MARGARET WARNER: Many Pakistanis we spoke with agree. At a protest rally at Punjab University in Lahore on Monday, student Farah Sonam said voters can't make informed election choices if the media restrictions remain in force.
FARAH SONAM, Student: We don't know what's the true situation. We have no correct idea, that Geo TV that is banned or other news channels are banned. We have no true situation of the country.
MARGARET WARNER: Musharraf's political allies insist otherwise.
CHAUDHRY PERVEZ ELAHI: International observers will be there. They will see that elections will be free and fair.
MARGARET WARNER: And you think they can be free and fair, even if the press is not free to report?
CHAUDHRY PERVEZ ELAHI: The press is free to report. There is print media; there are lots of channels. They are free to report what they see.
MARGARET WARNER: At Geo, President Imran Aslam says the network hopes to find a satellite uplink alternative to Dubai, but that won't reach the majority of Pakistani voters who depend on cable or over-the-air. As he watches Geo's ambitious plans for campaign coverage crumble, he says the voters will lose the most, particularly when the threat of suicide bombings makes it perilous to see candidates in person.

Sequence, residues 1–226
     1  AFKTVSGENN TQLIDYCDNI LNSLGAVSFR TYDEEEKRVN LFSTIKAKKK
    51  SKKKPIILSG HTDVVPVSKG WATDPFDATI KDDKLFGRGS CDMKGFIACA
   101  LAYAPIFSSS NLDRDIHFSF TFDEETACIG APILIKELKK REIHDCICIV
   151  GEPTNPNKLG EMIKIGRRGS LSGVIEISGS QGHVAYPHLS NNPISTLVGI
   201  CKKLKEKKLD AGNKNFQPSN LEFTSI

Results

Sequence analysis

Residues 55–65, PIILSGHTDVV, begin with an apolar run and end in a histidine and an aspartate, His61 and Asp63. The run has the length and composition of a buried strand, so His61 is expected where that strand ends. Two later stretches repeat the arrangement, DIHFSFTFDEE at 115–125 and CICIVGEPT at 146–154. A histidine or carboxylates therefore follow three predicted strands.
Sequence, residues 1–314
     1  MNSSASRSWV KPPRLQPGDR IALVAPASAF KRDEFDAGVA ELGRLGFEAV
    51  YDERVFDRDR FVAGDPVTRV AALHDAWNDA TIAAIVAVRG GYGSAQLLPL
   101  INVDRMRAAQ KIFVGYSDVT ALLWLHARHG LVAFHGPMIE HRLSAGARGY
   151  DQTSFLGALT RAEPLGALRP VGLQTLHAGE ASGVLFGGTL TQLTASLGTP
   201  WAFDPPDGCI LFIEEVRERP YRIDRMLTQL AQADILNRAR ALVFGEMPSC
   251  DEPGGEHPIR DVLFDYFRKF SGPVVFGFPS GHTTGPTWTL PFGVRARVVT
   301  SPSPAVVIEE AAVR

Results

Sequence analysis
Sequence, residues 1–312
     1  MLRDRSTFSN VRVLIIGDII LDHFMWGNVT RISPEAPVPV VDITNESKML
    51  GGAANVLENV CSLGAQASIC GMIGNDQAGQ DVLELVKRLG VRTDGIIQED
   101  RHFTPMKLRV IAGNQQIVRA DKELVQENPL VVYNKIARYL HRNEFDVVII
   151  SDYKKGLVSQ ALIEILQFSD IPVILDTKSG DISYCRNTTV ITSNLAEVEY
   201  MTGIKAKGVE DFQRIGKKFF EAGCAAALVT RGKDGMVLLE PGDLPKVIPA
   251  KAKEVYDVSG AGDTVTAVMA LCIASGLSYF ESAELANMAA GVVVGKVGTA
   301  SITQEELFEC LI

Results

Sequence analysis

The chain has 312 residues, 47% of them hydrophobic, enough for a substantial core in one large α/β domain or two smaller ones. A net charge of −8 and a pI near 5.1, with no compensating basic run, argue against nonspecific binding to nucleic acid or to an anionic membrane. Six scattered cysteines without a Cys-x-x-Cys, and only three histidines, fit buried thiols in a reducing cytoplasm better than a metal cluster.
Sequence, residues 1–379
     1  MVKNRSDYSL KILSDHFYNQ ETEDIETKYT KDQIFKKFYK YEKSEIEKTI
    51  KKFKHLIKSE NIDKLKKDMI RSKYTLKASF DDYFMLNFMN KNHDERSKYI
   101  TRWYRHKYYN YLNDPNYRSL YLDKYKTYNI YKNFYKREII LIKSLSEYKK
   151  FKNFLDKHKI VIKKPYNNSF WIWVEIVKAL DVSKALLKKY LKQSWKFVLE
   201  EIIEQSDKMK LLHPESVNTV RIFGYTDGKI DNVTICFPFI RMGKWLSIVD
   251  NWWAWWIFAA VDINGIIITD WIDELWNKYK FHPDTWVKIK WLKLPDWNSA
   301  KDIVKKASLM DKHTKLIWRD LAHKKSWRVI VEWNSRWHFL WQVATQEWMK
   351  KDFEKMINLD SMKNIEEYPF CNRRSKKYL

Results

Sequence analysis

IMRAN ASLAM: After the sad bomb blast on Benazir's rally, we felt that, you know, the normal ways of electioneering may not be possible in Pakistan. And we actually believed that the election would be fought on a 38-inch screen, and this would become the arena where, you know, most of the people would debate the issues, and make their speeches, have these great debates. I think this has all been shot down.
MARGARET WARNER: Dawn's Azhar Abbas doesn't think the Pakistani public or press will stand for restricting the media indefinitely.
AZHAR ABBAS: I don't think that Musharraf can sustain this. I don't think that now any ruler in Pakistan can sustain or curb media or bring or take us back to the '80s or the '70s. I think media has come of its age. They have actually tasted this freedom, and I don't think that it will go back.
MARGARET WARNER: But Pakistan's journalists have a battle on their hands to prove that. And unless the public, political parties, and the international community join them in pressing Musharraf, it remains an open question whether this country's president will lift the media curbs in time to ensure a vigorous, open campaign.